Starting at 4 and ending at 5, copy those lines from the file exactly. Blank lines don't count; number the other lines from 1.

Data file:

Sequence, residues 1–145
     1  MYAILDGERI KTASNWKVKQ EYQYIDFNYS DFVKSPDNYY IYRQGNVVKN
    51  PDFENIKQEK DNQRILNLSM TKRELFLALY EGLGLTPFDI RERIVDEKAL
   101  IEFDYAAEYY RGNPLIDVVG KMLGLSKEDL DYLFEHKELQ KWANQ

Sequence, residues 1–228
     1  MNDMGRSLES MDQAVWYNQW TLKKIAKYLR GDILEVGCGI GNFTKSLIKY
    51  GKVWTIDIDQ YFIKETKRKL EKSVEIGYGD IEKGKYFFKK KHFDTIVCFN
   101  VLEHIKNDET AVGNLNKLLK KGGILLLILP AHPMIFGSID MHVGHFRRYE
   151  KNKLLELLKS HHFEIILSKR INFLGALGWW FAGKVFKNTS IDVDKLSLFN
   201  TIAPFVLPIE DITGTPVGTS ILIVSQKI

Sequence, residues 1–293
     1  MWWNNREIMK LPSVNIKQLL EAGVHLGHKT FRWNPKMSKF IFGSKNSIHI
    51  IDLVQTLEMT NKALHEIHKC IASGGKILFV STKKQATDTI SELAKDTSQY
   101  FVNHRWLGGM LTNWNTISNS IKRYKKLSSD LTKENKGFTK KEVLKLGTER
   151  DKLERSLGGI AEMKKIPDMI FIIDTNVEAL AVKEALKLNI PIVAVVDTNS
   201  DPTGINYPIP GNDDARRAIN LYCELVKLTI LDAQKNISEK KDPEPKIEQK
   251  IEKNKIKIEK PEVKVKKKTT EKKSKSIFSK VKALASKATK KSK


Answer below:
   101  IEFDYAAEYY RGNPLIDVVG KMLGLSKEDL DYLFEHKELQ KWANQ

Sequence, residues 1–228